We question plans to step up the harvesting of forest biomass, as set out in Italy’s Fourth Report on the State of Natural Capital. Rather than supporting a transition to a green economy, this could translate into more logging and perturbation of forest ecosystems.
The loss of trees in Italy’s forests in recent years (go.nature.com/3yzvdp9) is only partly explained by disturbances such as Storm Vaia in 2018, and salvage logging thereafter. The dominant driver is the production of wood fuel (D. Pettenella et al. [email protected] 18, 1–4; 2021), mainly from coppice. This probably removes about 50% of estimated annual growth (see go.nature.com/3xr1mzc).
The new biomass policy could threaten the functionality of forest ecosystems unless it includes measurable targets and a reliable monitoring system for tracking the impacts of removing wood. In a geographically complex country, rich in biodiversity, this could undermine progress towards the European Union’s 2030 biodiversity strategy.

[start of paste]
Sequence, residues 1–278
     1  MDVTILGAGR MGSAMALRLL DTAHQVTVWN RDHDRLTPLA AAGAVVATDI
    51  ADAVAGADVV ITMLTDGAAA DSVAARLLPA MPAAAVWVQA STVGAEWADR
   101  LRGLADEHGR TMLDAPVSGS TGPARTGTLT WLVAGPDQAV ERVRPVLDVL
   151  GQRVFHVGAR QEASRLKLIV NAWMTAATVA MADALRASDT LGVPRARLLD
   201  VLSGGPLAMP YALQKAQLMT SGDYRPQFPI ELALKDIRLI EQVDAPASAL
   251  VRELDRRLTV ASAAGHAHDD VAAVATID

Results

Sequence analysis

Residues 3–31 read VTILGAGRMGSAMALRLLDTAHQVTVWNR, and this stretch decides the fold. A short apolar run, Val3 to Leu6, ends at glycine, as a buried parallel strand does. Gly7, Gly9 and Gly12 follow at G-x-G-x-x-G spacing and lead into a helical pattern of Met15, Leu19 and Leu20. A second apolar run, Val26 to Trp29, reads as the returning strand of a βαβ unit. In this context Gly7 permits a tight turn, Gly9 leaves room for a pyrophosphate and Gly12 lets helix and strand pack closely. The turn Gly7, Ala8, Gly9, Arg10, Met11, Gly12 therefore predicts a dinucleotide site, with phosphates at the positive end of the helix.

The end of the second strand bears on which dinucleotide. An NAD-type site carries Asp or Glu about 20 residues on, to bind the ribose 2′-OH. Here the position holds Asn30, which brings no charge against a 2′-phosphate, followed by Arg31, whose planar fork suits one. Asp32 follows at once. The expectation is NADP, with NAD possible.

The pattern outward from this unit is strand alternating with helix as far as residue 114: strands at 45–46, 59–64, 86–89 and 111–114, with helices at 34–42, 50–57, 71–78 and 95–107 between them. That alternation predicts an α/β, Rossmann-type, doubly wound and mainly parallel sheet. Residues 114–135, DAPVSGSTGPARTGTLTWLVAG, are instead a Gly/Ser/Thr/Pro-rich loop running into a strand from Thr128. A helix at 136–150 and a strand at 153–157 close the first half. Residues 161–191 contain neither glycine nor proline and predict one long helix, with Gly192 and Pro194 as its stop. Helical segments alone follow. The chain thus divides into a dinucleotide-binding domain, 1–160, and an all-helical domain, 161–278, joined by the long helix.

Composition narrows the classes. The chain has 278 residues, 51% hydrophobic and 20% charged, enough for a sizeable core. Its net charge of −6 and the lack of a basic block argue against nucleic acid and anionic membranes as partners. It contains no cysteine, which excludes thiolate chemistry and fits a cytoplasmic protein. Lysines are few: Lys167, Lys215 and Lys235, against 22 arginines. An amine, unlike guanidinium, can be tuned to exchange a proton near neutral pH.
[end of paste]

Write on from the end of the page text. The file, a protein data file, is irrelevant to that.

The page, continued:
For Italy’s forests to contribute to the economy, provide ecosystem services, halt biodiversity loss and mitigate climate change, the country needs ecological planning, data monitoring, forest protection, restoration and rewilding.
Nature 595, 353 (2021)
The authors declare no competing interests.